Third is ‘feedback’. A culture of honest and structured feedback is the key to growth. This means that feedback must be sought and given on an ongoing basis. A bland set of KPIs and an infrequent review doesn’t cut it, and never did. At every level, there is always room to improve, always something to learn. By fostering an open environment in which feedback is part of the DNA, and flows in every direction, an agency will never stagnate. MCCP’s value is Bold; where people are mature enough and confident enough to recognise that they always have more to learn.


Fourth is ‘progress’. The regime whereby advancement was about length of service belongs in the last century. Every agency suffers from the “two year” problem. New entrants to the industry start at the most junior level and, and no matter how well they perform, they can never shrug off that ‘junior’ mantle. This inevitably leads to an agency pouring time and resources into training and development only for a competitor to reap that benefit when the employee wants a higher salary and more responsibility. If a new employee can see the career path, ideally one carved out by more senior colleagues, they are more likely to stay and grow. Progression has to be real and attainable. This is part of our Community value, where collegiality and responsibility meet.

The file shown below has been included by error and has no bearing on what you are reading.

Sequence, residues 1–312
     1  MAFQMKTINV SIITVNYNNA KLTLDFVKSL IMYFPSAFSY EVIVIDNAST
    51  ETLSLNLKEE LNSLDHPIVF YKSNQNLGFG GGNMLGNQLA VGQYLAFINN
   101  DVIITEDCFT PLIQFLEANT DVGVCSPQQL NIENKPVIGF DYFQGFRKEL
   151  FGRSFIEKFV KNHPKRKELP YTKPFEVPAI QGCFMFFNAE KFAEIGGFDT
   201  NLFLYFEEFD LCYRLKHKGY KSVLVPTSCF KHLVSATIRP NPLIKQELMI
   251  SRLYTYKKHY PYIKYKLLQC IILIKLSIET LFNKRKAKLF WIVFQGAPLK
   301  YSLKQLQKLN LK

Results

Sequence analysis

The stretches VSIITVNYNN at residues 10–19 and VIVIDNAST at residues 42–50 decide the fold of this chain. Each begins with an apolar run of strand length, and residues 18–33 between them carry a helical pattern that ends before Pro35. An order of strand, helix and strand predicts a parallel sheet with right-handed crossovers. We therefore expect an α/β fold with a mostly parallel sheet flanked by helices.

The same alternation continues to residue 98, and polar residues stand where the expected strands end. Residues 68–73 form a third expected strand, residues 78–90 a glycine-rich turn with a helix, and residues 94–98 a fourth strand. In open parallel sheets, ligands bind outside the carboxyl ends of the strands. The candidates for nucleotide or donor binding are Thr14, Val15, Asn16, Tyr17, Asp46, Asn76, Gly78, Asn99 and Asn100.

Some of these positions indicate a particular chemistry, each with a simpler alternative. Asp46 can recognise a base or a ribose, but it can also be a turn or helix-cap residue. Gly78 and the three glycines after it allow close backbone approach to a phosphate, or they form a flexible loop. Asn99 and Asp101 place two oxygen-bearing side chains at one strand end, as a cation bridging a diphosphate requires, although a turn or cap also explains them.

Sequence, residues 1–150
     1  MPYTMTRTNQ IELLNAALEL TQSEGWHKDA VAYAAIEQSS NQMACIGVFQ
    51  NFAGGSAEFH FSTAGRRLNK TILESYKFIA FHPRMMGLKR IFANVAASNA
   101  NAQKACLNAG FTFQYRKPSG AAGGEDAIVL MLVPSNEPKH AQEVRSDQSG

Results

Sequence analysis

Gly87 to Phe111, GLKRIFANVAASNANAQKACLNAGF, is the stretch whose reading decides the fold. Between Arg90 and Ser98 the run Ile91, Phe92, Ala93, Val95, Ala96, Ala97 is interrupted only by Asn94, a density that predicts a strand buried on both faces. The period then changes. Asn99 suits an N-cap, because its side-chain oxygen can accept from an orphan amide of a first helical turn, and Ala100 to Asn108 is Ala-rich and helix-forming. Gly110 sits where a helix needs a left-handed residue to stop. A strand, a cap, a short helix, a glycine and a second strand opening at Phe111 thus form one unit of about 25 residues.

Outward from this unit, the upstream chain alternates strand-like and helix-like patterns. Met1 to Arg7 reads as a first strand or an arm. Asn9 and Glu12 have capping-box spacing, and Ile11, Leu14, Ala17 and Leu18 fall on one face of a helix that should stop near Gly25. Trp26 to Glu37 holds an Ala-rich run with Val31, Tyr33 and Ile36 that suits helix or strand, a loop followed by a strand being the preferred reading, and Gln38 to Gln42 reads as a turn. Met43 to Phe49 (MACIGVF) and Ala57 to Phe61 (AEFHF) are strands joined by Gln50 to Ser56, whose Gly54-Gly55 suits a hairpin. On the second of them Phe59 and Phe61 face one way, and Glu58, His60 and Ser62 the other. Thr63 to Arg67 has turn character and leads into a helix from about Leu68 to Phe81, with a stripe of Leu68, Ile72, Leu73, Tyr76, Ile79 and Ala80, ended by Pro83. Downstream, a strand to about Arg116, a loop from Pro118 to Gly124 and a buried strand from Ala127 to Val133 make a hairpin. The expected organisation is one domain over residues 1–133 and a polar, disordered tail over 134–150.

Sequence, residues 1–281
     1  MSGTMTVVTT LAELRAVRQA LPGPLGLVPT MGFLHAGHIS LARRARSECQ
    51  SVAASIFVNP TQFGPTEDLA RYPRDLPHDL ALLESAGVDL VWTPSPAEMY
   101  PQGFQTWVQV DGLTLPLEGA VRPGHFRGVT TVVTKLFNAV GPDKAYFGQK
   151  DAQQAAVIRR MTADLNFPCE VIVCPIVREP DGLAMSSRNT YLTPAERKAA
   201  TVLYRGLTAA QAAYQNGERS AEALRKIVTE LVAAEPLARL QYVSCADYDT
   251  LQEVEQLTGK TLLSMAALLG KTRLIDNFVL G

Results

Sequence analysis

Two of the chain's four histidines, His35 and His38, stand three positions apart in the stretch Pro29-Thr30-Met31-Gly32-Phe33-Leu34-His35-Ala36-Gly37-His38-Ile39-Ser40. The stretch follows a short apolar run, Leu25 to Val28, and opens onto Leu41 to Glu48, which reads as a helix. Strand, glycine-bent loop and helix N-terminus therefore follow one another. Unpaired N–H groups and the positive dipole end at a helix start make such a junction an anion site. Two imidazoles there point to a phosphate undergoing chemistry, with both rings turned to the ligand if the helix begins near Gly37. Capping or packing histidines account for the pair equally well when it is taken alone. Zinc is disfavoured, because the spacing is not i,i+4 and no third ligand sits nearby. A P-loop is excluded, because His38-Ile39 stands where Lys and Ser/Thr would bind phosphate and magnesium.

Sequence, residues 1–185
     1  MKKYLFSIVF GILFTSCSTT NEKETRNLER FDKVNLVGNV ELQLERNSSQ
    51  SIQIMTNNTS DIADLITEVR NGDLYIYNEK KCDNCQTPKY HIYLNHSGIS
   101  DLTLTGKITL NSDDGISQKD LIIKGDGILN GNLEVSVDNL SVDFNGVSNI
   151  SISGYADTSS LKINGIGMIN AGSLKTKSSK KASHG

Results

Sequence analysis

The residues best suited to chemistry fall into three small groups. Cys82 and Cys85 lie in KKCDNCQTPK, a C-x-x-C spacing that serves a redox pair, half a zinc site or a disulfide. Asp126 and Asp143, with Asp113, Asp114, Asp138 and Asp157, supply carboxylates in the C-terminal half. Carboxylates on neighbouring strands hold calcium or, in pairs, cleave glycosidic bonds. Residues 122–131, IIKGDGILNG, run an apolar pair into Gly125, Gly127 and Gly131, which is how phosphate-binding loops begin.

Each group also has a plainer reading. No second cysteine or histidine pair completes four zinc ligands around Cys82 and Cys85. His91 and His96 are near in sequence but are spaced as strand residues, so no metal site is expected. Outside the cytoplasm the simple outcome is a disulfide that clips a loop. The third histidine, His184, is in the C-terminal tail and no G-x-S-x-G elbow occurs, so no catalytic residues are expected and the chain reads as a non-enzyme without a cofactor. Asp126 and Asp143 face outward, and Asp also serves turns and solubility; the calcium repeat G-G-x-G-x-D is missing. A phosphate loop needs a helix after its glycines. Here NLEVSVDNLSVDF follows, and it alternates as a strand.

Lastly, is what we call ‘Passion’. The advertising industry is suffering from far too much cynicism and negativity. Too often, people complain and rant about the work or the work they don’t get to do and are lauded for it. As advertisers and planners, we get to craft brands that will be seen by thousands, maybe millions. We get to have an impact on the lives and behaviour of vast numbers of people. It’s important and rewarding work. We should be passionate about our role, the work we create and the industry. Negativity and cynicism don’t make it past the front door of MCCP.